Your worldview is made up of…

everything you leave out without realizing it.

  • If you ignore negativity, you’re are positive.
  • If you ignore positivity, you’re negative.
  • If you ignore the external, you’re introverted.
  • If you ignore the internal, you’re extraverted.
  • If you ignore the theoretical, you’re practical.
  • If you ignore the practical, you’re theoretical.
  • If you ignore the facts, you’re assuming.
  • If you ignore the assumptions, you’re operating from the facts.

When you look at your own hand, you can see different levels of detail depending on how close you look and how much time you’ve spent learning to “see”. The mental model of that hand is extremely different if looked at by a toddler or a skilled artist. The toddler sees five fingers. The skilled artists sees four fingers, a thumb, rough proportions, the deviations in shape of the fingers, the smooth/roughness of the skin, the wrinkles and lines, the level of manicure on the nails. the skin tone and the hues, the freckles, the veins, the ligaments and shape of the knuckles. By comparison, the toddlers simple model of the hand is defined by all the things he is lacking in comparison to the artist.

The question is, does the artists mental model of a hand lack anything?

The answer is “We can never know.”

For the most complex subjects, no one will ever have a “complete model”. These are things like economics, politics, how to organize a business, how to live your life, your purpose, what is art and more. However, the fact that we know our mental models will never be perfect is an opportunity to reflect on all the things we miss, incorporate new information and disregard outdated concepts. This is a skill in the same way the artist had to teach himself how to see all those details in a hand in order to be able to draw or paint it. Changing your mind isn’t a weakness if it helps you frame the subject in a new way.

The Engineer’s Paradox

Engineers are trained problem solvers. How many times have you heard that? It turns out many engineers want to solve more challenging problems, growing bored with the routine. As a result, the REAL challenge is then finding more difficult problems. Many engineers change jobs searching for these challenges, but reality comes quickly, the new problems become routine.

Less often are engineers trained to be problem proposers. I call this, “The Engineer’s Paradox.” In order to work on challenging problems, an engineer who is highly creative and well-versed in technical knowledge has to propose one. If (s)he does, (s)he’s most likely the person to solve it. At it’s core, “The Engineer’s Paradox” boils down to the fact that in order to solve the most difficult engineering challenges, you can’t be an engineer. You have to be more than an engineer, becoming either an entrepreneur, or an intrapreneur, thinking up new inventions, the challenges they face, the business case on why they would be an improvement, and who the customer would be. While there are some exceptions, the best odds for working on interesting problems is through your own creativity, salesmanship and persistence.

The real point that makes it a paradox is that an engineer doesn’t work on the most interesting problems, a great salesman or marketer with an engineering background does. It challenges the idea of what most engineers think sales and marketing are.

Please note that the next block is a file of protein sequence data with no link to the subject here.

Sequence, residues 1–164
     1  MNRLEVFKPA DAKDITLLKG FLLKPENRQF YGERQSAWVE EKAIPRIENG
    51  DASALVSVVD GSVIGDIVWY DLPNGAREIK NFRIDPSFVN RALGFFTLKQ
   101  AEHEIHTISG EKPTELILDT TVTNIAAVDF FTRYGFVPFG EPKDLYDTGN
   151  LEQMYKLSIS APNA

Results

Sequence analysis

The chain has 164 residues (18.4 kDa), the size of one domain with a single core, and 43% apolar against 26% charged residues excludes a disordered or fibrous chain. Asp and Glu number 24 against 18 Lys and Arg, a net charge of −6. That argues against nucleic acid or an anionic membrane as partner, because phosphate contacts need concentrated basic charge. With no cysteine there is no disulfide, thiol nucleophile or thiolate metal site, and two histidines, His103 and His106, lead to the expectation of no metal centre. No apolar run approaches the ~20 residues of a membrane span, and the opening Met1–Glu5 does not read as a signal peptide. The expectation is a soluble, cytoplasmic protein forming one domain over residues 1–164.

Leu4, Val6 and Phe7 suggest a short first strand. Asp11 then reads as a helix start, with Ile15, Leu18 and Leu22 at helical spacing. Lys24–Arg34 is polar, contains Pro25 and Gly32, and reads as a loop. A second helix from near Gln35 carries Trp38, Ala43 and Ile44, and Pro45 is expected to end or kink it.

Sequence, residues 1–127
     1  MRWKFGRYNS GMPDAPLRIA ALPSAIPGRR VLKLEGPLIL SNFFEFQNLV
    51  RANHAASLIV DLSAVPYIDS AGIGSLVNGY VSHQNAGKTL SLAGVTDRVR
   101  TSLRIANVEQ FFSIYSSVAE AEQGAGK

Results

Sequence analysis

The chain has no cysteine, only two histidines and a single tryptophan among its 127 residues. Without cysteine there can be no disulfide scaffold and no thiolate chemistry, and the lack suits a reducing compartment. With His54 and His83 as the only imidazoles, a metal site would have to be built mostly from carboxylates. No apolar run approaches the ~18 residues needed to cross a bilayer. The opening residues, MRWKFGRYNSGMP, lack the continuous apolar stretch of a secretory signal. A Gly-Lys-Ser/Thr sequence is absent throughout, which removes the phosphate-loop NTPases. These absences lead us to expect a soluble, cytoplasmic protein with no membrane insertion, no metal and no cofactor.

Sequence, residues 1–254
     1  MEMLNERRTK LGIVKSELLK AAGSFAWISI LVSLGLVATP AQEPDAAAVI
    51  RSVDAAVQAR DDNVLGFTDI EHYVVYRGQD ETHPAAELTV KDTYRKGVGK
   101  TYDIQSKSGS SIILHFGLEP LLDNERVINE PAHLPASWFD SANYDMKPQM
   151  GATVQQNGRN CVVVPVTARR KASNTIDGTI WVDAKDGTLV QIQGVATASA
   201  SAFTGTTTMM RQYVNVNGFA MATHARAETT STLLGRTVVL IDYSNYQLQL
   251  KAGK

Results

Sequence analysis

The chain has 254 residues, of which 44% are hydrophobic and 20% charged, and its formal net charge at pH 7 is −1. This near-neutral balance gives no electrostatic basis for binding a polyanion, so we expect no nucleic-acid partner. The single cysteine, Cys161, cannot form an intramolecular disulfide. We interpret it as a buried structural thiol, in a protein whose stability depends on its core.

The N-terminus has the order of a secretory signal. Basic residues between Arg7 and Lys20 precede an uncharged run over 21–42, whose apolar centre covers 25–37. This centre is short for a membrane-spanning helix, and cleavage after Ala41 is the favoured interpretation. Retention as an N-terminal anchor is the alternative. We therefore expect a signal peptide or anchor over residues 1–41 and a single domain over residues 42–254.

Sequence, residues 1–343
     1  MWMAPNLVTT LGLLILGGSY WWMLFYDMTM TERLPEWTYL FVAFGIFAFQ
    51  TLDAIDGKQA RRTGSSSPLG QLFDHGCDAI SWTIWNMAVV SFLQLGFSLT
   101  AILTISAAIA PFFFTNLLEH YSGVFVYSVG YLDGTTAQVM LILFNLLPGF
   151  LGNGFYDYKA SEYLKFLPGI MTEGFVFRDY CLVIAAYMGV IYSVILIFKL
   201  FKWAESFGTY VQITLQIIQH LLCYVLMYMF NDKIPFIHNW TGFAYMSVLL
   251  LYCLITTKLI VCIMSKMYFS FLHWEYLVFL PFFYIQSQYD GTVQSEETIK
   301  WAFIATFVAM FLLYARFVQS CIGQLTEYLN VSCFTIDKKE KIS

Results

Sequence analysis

P.S. If you ever read about Nikola Tesla, one thing that’s commented on routinely is his “showmanship.” Think about how that contributed to his career.

How to not fall behind. Don’t steal from tomorrow.

Listening to Ray Dalio in How the Economic Machine Works ( I highly recommend clicking the link and watching the video if you have 1/2 an hour.), it becomes clear that debt creates cycles. These cycles are what shape the economy. There is straight, linear growth, plus fluctuating short-term debt cycles, and long-term debt super cycles.

These cycles in his presentation center around money, however, I like to think of investments also in terms of time, the scarcest resource there is. It’s crazy how often people, myself included, “borrow” time from tomorrow for something they don’t feel like doing today. The equivalent short-term example, would be failing to clean the kitchen after cooking because you’re exhausted. Or because writing sounds more attractive. Or playing video games.

Whatever the reason, eventually, the dishes will be needed, and they’ll have to be washed. Whenever that happens, that day will lose time as repayment for the borrowed time from the day before.

For me personally, I’ve taken on the “debt” mentioned above at times through extracurricular activities, like writing this blog, something I’ve enjoyed and wanted to put more effort into. That zeal leads to borrowing time day after day, neglecting car maintenance, or ignoring that stack of mail that needs sorting. Eventually, things caught up to me in other ways, and “balance” was forced upon me, I had to pay back the debt, making me have to do all the other things I neglected.

It seems counter-intuitive, but it’s a powerful way to think about life. The things that are important, need to be accomplished with small, incremental and persistent steps because life needs to stay balanced. If there is something you dream of accomplishing, don’t start by doing too much, start by doing a little, everyday. The other alternative is foregoing the small, incremental steps and ending up with a “debt” super cycle, a huge amount of work to catch up to your ambitions due to skipping the many small steps.

Don’t end up trapped by “debt” take small steps with persistence to get what you want in the future without paying too much for it tomorrow.